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With a research background in architectural history, Dr Kalkreuter's research centres around design practice as broader cultural expression. After contributing a monograph on Boyle Abbey to the late 20th century body of knowledge on Cistercian monastic architecture and, in particular, the role of stone masons in navigating a landscape of strong vernacular traditions faced with the influx of an international monastic style, her interest in architecture broadened to its secondary use as a motif.
Studies of historic and contemporary examples of architectural images on textiles considered artefacts in archives and on the High Street from aesthetic as well as semiotic points of view, and this led to explorations of how product semantics might bolster a theoretical framework for the cultural reading of textiles by their consumers and makers.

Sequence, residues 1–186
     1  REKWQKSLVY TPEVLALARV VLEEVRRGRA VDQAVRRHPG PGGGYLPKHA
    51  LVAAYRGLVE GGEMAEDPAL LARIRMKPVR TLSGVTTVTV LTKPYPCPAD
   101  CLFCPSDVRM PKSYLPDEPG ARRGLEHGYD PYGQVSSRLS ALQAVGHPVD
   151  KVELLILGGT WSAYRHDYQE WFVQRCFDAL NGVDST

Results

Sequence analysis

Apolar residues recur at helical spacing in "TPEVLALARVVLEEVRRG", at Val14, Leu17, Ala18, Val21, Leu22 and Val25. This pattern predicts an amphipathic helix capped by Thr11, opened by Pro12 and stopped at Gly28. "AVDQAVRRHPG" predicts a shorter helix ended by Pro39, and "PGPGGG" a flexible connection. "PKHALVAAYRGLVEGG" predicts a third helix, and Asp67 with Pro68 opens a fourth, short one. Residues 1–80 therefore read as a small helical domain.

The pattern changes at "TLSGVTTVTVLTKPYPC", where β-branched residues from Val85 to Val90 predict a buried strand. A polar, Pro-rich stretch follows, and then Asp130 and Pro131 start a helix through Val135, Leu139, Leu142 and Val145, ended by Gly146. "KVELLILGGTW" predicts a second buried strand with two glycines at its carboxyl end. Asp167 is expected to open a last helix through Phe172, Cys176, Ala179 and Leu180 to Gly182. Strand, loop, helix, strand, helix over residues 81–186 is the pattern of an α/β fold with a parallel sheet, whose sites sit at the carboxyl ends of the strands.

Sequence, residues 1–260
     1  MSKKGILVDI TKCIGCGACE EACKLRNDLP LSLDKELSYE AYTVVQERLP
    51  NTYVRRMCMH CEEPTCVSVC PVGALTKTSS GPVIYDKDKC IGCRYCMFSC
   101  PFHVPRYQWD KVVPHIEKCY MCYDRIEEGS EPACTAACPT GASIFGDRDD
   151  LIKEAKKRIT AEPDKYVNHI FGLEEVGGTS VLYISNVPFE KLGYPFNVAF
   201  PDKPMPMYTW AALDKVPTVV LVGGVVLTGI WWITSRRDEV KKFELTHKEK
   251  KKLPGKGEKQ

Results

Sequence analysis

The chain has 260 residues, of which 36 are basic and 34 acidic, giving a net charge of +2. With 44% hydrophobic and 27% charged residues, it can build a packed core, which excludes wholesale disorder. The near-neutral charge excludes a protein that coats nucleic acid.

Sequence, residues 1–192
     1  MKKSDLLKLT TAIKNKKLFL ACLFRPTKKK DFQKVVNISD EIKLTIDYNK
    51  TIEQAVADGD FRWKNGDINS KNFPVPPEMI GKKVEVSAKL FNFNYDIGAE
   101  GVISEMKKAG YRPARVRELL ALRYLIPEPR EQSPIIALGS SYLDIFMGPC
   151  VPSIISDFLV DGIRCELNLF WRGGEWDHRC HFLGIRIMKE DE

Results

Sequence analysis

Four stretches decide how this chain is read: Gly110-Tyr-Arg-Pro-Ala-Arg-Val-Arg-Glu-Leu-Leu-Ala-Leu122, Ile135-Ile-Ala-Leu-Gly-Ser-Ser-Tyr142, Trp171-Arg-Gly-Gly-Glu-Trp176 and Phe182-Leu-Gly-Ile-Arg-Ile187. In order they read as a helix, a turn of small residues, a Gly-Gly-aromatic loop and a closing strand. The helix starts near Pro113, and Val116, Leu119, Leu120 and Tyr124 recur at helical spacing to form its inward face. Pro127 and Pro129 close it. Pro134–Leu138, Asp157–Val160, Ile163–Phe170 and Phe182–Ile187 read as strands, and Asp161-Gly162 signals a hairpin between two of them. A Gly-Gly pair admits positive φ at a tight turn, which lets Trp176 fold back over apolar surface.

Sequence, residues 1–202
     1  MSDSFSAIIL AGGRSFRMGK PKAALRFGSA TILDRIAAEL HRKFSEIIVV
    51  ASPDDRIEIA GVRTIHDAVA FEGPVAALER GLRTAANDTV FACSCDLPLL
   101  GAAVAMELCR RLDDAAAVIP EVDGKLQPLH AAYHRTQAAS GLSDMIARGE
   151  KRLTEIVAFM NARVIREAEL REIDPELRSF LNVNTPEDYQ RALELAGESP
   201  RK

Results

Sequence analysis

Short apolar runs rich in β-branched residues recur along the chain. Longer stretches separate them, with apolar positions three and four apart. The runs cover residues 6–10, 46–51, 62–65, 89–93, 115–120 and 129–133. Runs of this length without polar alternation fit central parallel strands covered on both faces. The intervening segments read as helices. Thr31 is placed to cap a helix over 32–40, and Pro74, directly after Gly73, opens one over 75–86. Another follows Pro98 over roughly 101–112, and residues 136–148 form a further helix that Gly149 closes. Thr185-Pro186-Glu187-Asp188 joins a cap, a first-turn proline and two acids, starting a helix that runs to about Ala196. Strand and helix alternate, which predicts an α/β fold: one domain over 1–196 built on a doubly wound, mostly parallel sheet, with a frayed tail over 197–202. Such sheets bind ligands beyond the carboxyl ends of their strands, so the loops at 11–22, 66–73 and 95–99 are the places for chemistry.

Taking these research threads into the 21st century with digital opportunities for co-creation, the project HeadCrowd explored the role of images in providing feedback on design propositions in a collaboration between computer science and design studies; focusing on aspects of what constitutes success and failure in the making and reception of design.